Janet Napolitano, shown in the photo at right, seems to be reacting to the screening backlash.
Two months ago, Homeland Security Secretary Janet Napolitano announced that the federal stimulus legislation would pay for the purchase of hundreds of controversial full-body scanners.
"Through the Recovery Act, we are able to continue our accelerated deployment of enhanced technology as part of our layered approach to security at airports nationwide," Napolitano said at the time.
The number of scanners has doubled since that Napolitano announcement and are now found in 68 U.S. airports.
The Transportation Security Administration says the controversial devices have proven to be a success.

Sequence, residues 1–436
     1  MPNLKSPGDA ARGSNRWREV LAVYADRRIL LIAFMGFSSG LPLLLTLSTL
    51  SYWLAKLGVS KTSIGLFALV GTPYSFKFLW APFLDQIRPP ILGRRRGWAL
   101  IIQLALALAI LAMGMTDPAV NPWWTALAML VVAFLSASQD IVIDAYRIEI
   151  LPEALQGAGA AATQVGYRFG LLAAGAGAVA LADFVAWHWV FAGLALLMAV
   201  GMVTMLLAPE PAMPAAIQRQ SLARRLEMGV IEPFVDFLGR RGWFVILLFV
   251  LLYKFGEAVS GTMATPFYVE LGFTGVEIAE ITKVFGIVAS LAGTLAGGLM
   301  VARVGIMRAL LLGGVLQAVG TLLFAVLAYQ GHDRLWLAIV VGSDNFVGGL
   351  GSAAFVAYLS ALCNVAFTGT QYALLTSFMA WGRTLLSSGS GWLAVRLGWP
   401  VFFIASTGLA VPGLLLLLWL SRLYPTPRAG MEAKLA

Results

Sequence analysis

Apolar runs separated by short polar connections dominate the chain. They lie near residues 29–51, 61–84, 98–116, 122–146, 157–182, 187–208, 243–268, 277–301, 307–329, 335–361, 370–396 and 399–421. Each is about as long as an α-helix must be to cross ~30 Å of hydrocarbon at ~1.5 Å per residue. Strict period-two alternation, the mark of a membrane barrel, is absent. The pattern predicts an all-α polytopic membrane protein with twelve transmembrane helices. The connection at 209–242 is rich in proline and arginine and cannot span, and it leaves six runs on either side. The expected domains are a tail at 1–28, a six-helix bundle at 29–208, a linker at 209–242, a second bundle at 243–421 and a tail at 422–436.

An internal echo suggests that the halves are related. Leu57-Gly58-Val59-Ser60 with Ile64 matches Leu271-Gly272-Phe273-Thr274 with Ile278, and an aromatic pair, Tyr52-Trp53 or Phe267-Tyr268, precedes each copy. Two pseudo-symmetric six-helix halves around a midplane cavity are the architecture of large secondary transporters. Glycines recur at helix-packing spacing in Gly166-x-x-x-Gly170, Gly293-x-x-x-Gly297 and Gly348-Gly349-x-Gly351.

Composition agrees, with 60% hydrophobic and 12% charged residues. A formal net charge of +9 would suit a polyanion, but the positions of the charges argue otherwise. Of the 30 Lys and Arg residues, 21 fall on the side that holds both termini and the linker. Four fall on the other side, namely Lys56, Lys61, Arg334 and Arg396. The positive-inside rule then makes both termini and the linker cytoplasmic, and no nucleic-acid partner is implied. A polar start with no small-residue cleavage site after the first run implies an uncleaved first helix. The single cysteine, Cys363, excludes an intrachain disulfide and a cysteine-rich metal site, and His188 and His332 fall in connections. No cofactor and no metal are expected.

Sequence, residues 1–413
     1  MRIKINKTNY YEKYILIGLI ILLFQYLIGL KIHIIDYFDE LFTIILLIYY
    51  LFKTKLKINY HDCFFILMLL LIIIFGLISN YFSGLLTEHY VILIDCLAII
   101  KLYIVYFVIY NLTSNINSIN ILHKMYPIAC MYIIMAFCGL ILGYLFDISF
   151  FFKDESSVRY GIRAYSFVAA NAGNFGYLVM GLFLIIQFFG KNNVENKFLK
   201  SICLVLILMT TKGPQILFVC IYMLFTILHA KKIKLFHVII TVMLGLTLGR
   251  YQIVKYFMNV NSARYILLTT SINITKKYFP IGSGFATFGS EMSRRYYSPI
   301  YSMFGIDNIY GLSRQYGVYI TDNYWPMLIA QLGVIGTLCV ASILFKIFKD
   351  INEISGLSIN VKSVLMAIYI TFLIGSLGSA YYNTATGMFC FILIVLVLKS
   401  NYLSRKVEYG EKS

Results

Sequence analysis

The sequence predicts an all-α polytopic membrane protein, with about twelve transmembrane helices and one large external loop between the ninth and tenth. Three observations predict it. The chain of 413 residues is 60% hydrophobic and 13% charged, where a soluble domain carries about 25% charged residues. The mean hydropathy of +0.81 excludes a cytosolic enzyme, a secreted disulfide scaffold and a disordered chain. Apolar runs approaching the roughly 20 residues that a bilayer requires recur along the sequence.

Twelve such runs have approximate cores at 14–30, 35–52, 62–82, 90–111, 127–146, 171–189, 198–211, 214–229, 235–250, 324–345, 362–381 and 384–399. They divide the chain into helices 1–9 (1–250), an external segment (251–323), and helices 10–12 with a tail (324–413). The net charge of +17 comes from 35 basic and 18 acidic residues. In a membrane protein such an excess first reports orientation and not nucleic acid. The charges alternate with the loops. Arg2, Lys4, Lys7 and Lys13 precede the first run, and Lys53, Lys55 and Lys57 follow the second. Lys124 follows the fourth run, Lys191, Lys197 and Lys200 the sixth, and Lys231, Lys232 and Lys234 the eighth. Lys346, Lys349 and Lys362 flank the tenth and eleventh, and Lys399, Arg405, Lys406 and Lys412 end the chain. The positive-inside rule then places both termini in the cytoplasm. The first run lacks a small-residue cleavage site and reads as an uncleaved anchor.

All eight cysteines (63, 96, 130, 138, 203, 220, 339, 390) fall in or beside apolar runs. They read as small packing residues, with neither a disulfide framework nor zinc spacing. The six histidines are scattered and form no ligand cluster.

"We have received minimal complaints," a TSA spokeswoman told CNET yesterday. She said that the agency, part of DHS, keeps track of air traveler complaints and has not seen a significant rise.
Not an increase in air traveler complaints? Really?
A growing number of airline passengers, labor unions, and advocacy groups, however, say the new procedures--a choice of full-body scans or what the TSA delicately calls "enhanced patdowns"--go too far.
They were implemented without much fanfare in late October, amid lingering questions about whether travelers are always offered a choice of manual screening.
The "enhanced patdowns" mentioned above are called "groping" by some.